The external and internal surfaces of the skull of the Hispaniolan solenodon, Solenodon paradoxus Brandt, 1833, are described and illustrated in detail based on five museum specimens (one from Carnegie Museum of Natural History, the remainder from American Museum of Natural History). Two of the specimens are juveniles that preserve sutural information that is lacking in the adults; one adult is bisected and exposes the interior of the nasal and cranial cavities. A sixth specimen is a serially sectioned ear region of a juvenile from the Max-Planck-Institut für Hirnforschung that provides information on soft-tissue structures.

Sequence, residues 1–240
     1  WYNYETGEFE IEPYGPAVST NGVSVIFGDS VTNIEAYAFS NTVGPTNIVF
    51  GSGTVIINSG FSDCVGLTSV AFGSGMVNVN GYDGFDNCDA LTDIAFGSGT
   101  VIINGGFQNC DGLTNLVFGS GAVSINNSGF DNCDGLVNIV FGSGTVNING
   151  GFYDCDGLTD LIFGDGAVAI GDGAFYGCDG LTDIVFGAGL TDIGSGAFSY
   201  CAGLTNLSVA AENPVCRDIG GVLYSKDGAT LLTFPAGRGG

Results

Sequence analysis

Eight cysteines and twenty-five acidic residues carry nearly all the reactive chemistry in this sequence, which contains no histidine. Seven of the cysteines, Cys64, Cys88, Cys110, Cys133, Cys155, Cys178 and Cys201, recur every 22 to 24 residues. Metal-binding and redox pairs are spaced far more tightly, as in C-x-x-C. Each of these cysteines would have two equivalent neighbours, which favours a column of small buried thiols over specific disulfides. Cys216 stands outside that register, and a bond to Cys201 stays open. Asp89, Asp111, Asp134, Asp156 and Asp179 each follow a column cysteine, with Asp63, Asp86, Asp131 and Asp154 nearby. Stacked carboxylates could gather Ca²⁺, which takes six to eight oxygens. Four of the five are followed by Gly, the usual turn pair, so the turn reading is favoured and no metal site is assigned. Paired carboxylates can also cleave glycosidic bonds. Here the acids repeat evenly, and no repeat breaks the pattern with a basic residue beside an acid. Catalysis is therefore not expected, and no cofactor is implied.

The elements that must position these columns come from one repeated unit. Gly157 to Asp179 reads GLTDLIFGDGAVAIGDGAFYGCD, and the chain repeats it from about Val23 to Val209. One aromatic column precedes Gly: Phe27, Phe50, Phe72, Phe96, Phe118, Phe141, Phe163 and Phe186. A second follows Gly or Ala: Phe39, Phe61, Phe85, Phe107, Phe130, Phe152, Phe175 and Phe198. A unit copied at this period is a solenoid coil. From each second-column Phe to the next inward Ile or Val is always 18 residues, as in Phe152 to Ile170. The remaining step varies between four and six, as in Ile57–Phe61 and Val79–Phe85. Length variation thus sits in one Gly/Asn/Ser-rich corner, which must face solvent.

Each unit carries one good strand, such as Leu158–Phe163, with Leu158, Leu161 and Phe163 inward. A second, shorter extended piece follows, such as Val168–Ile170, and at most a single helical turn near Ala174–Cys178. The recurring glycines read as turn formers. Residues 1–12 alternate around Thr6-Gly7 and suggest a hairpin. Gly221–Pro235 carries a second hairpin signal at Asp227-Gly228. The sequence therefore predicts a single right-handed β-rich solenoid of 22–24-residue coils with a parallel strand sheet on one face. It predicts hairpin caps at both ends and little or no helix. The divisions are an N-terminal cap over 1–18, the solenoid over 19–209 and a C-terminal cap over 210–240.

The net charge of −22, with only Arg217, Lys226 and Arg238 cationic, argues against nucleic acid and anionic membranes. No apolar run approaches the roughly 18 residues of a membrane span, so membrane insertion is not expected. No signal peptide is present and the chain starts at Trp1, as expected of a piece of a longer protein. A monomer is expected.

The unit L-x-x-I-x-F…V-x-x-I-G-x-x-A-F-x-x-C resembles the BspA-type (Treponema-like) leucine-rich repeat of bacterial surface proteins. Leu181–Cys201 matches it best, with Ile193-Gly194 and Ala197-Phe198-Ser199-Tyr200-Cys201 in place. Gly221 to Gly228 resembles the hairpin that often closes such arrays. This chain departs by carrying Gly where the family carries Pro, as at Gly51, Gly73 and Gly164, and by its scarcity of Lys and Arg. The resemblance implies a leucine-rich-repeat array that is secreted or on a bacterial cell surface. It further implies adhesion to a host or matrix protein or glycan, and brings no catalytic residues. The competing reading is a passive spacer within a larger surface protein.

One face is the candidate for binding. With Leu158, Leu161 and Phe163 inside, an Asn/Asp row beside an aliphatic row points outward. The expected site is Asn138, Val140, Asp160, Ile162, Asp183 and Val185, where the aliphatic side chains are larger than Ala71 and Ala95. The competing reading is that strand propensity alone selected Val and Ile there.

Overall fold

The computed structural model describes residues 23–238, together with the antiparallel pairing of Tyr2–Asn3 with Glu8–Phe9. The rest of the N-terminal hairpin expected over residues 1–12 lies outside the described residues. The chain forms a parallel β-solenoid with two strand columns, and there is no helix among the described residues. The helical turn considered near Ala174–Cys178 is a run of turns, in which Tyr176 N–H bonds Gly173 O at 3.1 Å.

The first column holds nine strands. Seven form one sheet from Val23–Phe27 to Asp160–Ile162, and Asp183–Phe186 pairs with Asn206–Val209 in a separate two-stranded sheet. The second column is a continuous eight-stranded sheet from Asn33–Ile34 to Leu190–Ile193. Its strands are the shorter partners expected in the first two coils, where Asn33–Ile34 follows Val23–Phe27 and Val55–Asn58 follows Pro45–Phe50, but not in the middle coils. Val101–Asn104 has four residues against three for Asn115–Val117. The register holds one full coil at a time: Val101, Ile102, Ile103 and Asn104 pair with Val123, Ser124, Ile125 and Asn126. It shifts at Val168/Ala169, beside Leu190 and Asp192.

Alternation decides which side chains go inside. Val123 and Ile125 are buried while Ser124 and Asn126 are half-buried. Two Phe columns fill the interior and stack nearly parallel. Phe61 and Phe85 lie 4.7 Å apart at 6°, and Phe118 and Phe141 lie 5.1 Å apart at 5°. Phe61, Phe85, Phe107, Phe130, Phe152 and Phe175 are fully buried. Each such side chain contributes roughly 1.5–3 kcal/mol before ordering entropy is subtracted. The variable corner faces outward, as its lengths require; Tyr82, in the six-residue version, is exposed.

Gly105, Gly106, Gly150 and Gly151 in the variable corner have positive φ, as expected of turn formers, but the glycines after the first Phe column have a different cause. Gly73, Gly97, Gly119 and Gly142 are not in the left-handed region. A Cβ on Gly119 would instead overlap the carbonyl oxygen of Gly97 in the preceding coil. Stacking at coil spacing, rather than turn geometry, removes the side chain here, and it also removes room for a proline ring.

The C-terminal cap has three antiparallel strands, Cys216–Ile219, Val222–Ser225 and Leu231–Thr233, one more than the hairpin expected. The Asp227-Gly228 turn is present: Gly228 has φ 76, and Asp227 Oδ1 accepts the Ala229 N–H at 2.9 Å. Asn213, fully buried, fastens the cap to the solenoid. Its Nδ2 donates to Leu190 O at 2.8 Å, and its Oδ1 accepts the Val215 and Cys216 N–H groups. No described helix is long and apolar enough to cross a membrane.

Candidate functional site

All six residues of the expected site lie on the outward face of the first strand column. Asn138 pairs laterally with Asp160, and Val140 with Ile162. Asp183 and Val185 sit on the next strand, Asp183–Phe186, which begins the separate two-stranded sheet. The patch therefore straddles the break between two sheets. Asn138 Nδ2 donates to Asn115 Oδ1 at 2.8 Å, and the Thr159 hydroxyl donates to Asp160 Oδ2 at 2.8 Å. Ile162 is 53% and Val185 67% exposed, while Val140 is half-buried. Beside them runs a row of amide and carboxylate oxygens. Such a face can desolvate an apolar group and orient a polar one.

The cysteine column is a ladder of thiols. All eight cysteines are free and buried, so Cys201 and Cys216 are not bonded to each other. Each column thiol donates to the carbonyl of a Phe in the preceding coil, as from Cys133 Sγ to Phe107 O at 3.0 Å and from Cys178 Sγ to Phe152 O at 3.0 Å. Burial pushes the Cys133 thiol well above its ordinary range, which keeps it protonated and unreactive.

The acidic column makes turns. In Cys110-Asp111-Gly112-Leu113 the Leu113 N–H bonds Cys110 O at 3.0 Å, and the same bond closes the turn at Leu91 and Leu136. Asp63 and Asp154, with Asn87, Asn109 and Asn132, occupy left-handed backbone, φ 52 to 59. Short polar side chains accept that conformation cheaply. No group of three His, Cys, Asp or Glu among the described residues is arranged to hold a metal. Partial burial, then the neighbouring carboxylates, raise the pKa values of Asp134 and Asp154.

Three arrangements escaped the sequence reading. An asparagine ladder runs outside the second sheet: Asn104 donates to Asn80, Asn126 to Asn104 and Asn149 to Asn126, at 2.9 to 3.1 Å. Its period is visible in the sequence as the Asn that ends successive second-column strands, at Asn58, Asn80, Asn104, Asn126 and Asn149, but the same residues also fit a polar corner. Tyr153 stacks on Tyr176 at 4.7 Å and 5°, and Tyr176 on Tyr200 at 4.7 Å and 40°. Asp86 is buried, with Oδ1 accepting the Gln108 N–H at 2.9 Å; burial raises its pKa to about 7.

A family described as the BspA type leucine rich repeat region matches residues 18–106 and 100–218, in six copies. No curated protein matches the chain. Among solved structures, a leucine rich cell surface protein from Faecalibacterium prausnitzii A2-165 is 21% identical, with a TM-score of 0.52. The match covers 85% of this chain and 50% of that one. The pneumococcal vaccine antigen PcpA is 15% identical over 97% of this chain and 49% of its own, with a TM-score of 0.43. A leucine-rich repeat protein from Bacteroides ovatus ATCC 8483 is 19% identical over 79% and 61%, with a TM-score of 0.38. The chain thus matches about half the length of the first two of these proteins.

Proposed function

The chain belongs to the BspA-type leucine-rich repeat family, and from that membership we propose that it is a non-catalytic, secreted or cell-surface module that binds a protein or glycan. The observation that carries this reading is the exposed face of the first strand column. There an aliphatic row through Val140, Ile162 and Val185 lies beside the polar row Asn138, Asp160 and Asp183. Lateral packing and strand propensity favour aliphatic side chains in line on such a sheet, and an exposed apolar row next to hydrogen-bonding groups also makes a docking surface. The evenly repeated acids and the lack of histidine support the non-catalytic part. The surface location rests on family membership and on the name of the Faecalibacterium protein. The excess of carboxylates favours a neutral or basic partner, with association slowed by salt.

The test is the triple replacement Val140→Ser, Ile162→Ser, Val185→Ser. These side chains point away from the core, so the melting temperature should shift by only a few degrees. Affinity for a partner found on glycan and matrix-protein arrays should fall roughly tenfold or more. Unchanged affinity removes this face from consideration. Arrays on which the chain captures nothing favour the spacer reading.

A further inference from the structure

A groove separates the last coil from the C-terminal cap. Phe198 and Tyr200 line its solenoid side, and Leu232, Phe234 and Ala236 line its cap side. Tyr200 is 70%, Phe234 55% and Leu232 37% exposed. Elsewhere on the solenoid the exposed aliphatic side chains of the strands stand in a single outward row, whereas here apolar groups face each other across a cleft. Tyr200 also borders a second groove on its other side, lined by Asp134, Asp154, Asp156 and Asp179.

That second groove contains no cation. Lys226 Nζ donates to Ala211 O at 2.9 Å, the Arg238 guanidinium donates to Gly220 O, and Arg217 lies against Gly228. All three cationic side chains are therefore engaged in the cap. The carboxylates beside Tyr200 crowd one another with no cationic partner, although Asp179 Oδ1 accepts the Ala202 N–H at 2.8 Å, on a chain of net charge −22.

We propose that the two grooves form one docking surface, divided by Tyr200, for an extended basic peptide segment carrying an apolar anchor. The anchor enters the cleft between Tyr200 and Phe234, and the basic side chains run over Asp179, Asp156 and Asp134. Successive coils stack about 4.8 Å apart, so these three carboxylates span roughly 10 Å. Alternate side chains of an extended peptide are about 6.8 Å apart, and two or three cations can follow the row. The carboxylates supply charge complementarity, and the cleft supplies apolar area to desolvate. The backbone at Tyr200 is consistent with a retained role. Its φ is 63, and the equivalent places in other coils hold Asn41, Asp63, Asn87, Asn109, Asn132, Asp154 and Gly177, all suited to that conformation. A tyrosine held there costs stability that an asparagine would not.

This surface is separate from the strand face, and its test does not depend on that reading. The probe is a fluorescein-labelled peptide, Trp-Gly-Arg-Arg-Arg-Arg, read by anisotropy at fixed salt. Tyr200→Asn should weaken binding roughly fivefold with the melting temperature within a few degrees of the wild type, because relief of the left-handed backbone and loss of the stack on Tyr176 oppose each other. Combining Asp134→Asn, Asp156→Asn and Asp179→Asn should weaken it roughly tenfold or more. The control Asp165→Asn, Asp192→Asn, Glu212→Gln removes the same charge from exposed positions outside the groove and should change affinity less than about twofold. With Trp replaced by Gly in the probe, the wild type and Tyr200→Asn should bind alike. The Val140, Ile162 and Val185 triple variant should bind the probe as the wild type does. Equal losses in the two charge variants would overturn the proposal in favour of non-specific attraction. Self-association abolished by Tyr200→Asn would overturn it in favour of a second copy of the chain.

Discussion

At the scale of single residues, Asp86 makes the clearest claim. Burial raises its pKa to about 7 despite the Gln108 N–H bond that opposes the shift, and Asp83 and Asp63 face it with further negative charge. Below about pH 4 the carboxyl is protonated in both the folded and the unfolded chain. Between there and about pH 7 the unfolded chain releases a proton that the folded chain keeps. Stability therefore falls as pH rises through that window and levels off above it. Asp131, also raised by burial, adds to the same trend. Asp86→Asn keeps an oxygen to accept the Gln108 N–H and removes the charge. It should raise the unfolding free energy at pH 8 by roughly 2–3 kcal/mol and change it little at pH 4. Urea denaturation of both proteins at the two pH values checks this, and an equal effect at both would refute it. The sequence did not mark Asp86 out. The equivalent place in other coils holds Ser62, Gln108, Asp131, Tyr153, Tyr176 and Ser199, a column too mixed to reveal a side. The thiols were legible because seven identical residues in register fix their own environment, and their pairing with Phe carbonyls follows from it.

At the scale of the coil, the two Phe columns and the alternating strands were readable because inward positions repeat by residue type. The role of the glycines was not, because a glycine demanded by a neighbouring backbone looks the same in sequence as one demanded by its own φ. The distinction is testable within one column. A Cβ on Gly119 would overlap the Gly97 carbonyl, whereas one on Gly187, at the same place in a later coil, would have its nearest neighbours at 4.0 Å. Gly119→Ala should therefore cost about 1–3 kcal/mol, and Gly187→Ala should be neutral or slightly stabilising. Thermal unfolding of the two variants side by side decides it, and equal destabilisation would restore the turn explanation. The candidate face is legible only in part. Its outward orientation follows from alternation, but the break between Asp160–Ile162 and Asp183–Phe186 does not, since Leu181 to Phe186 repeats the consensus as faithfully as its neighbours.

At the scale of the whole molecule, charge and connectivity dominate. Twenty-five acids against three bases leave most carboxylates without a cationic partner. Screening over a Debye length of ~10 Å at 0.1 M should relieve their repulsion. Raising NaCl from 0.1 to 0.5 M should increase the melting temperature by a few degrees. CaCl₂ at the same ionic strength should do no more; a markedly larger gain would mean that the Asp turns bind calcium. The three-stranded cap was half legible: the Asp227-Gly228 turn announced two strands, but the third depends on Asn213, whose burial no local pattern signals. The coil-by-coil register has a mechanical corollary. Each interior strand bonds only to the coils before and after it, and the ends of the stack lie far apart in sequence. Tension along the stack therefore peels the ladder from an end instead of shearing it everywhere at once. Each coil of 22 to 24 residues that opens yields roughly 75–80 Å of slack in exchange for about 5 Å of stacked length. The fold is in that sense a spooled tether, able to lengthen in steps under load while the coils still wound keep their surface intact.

The Hispaniolan solenodon has a peculiar skull with numerous highly unusual features among mammals. Included are: a small, oval ossification, the os proboscidis, jutting anteriorly from the ventral rim of the external nasal aperture; zygoma incomplete and jugal bone absent; exposure of the ethmoid bone in the orbit but palatine not; numerous orbital foramina accommodating veins communicating across the midline ventrally in the presphenoid and dorsally in the frontal; tiny optic foramina; venous transverse canal through basisphenoid; entoglenoid process of squamosal but no postglenoid process; abutment between the rostral process of the malleus and the crista parotica of the petrosal; rostral and caudal tympanic processes of the petrosal fused; large occipital emissary vein foramen endocranially between supraoccipital and parietal; large venous condyloid canal through exoccipital; paired interparietals; mandible with two “angles,” a true angular process and a process for the digastric muscle. Perhaps the most unexpected finding is that of a prootic canal for the lateral head vein in the petrosal bone. Prootic canals are broadly distributed in Mesozoic mammals including a few Cretaceous eutherians, but heretofore are unknown in placentals.